Sunday was wine tasting. The Rogue Valley is pretty big so we decided to start out over in Ashland. Ashland is an incredibly cute community, quaint down town that reminds me of Los Gatos, CA. I will definitely want to spend some more time there on my next visit.
Our first stop was at Weisinger's winery
. This was an absolutely beautiful winery overlooking rolling hills. They have a nice wood deck and on Sundays there is Jazz on the deck. When we were there a gal was playing a synthesizer at one end. The wines we tasted were all very strong in tannins. They weren’t entirely unpleasant, but too much for our palates.
Our next winery was Ashland Winery
. There was road construction and a detour to get to it. Once we found it we weren’t sure we really wanted to go in. There were berry thickets about 14 feet high, the road was dirt and unkempt, awfully bumpy. The vineyard itself appeared to be overrun with weeds and the “house” that had a sign that read “Wine Tasting Room” looked like it had seen better days. We timidly entered and it wasn’t much better indoors. There were signs boasting of awards as recent as 1999. I was skeptical to say the least! We bellied up to the bar and were engaged by Phil Kodak, one of the owners. This turned out to be a fun hour spent well. The winery is 100% organic, vegan even according to Phil. He explained about his varietals and we sipped and chatted away. The ones we purchased were the 1998 Henry VIII Cabernet Sauvignon and the white varietal mix Shakespear’s Love 2001. A very happy find indeed! An item of note, we have opened a bottle of each since returning home, the Shakespear’s Love is still great but the bottle of Cab never really opened up, we are wondering if there could be bottling inconsistencies due to the organic nature of the wines.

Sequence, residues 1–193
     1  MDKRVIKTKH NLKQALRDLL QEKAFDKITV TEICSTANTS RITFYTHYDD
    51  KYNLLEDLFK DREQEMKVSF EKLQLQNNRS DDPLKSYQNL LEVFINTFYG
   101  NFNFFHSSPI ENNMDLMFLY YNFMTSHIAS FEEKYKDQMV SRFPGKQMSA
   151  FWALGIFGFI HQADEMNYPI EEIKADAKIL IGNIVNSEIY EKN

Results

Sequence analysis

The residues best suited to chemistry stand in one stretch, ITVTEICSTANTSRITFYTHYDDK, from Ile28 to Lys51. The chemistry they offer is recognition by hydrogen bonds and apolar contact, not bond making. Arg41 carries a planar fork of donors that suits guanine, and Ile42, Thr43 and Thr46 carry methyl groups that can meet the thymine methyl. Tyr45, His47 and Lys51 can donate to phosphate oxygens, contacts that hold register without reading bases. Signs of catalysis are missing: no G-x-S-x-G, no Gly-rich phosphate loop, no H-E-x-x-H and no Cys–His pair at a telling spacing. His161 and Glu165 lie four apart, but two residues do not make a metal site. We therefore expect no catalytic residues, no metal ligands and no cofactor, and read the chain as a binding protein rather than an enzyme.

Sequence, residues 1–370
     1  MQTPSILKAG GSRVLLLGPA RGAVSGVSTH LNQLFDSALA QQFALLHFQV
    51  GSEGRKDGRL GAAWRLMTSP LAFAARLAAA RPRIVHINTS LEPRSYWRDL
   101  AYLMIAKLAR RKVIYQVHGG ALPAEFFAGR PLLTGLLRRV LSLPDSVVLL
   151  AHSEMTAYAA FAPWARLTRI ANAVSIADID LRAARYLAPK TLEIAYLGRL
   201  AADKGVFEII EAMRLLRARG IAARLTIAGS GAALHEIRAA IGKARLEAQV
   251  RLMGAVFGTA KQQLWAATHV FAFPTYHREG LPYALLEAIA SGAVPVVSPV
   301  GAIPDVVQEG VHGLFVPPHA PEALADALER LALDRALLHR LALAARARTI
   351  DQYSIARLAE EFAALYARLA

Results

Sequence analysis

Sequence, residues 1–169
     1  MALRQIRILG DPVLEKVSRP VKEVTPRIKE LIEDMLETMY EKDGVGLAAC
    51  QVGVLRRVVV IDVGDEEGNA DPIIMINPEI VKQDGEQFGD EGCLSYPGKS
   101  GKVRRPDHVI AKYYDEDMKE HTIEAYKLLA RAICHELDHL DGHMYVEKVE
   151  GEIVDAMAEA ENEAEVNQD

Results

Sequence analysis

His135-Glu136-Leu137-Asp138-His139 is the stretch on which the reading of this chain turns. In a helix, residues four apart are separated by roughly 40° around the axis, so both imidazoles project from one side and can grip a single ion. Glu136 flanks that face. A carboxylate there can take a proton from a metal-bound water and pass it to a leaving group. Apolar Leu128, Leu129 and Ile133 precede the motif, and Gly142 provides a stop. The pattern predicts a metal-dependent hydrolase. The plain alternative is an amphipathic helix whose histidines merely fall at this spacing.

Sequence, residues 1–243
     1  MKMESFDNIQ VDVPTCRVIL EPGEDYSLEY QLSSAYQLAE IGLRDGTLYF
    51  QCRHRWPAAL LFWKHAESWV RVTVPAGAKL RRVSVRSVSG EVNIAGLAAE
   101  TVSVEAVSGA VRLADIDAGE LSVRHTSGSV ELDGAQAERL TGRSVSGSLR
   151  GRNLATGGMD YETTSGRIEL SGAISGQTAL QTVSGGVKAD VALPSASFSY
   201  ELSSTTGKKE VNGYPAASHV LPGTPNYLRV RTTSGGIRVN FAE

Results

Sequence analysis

Unfortunately the labels are super cheesy. I think they need some marketing help!
Dinner this night was nosh on the cheeses purchased from the Rogue Creamery, the rest of the lovely bread we bought there too, hard boiled eggs, tomatoes, peas and Jackie’s homemade double chocolate chocolate chip cookies, a recipe from Cook’s Country magazine. This went perfect with a couple games of Hand and Foot!
Monday was our last day there and jut a day to hang out until we flew out. Nothing special really. Lunch at the airport diner, the burger was pretty OK. Surprising since it was serving a captive audience!
Oh, I almost forgot! Here is a picture of me learning how to interact with my equine siblings. This is Torrie, she is a sweet 3 year old and I am scratching her just right, thus the stupid look of ecstasy on her face. The little one behind me is 6 week old Prince, he became my little buddy. Perhaps Jackie will actually get me on a horse in 5 years or so! That she got me this far is an accomplishment.
A view of the rolling hills through a horses ears. (Not me taking this one!) If you love horses, Mystic is a working ranch and they teach natural horsemanship. PM me if you want contact information.
And although not a great photo, here is sweet Milo kitty. Such a lover!
I sincerely hope you have enjoyed my trip report. I don’t get out much so this was a real treat for me and my hubby.
Let me know if you have any questions about my trip!